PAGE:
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The Princeton Review names Xavier among the best in the country for the 10th year in a row

The annual college guide includes profiles of schools included in The Best 378 Colleges

08/06/13

For the 10th year in a row, Xavier is named one of the country’s best institutions for undergraduate education, according to The Princeton Review. The education services company features the school in the 2014 edition of its annual college guide, The Best 378 Colleges.

"We commend Xavier for its outstanding academics, which is the primary criteria for our selection of schools for the book,” says Robert Franek, Princeton Review's senior vice president and publisher.

The schools in The Best 378 Colleges also have rating scores in eight categories that The Princeton Review tallies based on institutional data collected from the schools and student surveys. The ratings are scores on a scale of 60 to 99 and appear in each school profile.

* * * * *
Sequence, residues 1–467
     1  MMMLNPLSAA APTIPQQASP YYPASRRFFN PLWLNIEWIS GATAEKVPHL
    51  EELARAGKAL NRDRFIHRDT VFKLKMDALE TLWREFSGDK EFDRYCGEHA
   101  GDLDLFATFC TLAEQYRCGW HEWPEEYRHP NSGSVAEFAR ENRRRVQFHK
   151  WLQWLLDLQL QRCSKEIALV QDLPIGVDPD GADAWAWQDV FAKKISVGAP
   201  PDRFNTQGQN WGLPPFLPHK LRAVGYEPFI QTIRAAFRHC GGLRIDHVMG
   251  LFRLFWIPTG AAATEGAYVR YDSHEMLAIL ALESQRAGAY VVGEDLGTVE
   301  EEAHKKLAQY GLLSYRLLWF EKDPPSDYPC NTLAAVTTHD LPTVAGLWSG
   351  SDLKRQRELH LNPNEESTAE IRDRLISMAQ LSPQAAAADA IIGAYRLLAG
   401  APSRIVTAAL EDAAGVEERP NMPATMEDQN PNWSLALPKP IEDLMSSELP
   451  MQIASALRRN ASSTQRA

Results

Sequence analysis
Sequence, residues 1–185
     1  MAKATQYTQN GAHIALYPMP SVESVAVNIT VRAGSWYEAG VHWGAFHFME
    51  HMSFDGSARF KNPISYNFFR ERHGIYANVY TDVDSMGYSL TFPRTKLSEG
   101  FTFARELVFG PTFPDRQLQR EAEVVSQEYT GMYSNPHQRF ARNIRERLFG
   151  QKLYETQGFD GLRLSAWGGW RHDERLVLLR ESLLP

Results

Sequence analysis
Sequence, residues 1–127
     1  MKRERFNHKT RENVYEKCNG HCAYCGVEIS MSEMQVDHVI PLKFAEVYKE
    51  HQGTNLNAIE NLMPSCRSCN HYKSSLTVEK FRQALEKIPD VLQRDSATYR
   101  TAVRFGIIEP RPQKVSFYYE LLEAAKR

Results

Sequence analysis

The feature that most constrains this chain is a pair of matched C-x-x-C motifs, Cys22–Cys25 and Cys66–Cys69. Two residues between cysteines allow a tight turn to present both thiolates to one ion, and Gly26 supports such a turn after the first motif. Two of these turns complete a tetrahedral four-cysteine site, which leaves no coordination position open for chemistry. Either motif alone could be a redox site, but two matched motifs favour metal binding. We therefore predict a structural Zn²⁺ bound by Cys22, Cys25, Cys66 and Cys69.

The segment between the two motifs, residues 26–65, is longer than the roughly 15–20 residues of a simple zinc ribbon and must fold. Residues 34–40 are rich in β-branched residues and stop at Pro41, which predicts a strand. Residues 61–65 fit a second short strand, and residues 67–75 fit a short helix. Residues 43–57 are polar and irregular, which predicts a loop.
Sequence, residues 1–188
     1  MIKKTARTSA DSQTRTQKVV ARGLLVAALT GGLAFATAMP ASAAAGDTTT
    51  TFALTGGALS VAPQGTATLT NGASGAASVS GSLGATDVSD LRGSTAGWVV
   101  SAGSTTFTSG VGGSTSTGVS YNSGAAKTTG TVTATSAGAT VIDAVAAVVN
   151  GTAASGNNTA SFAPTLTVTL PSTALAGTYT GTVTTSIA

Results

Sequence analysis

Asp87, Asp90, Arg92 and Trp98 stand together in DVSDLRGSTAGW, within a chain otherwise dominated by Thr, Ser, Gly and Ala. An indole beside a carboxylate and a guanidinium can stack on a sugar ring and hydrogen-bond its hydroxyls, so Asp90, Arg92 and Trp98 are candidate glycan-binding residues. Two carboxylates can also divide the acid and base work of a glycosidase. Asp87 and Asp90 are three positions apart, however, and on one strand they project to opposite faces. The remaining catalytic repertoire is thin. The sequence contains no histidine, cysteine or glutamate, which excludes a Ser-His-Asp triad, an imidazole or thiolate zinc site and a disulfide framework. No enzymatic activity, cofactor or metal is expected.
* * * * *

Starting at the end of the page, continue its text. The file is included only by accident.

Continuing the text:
Among the ratings in the Xavier profile are placements for quality of life, fire safety and a green rating, which highlights the sustainability work at Xavier since 2008, when president Michael J. Graham, S.J., signed Xavier’s name to The American College & University Presidents Climate Commitment.

Only about 15 percent of America’s 2,500 four-year colleges and four colleges outside the U.S. are profiled in the national guide, which is The Princeton Review's flagship college guide. It includes detailed profiles of colleges with rating scores for all schools in eight categories, plus ranking lists of top 20 schools in the book in 62 categories based on The Princeton Review's surveys of students attending the colleges.

The Princeton Review surveyed 126,000 students, about 333 per campus on average, attending the colleges included in the book. The 80-question survey asks students to rate their own schools on several topics and report on their campus experiences. Topics range from assessments of their professors to opinions about their financial aid and campus food. Other ranking lists are based on student reports about their student body's political leanings, race/class relations, and LGBT community acceptance.

The Princeton Review does not rank the colleges in the book academically or from 1 to 378 in any category. The Princeton Review explains the basis for each ranking list in the book and at the Princeton Review's website.

The book is published by Random House/Princeton Review and is available in print and an eBook edition beginning Aug. 6 for $23.99.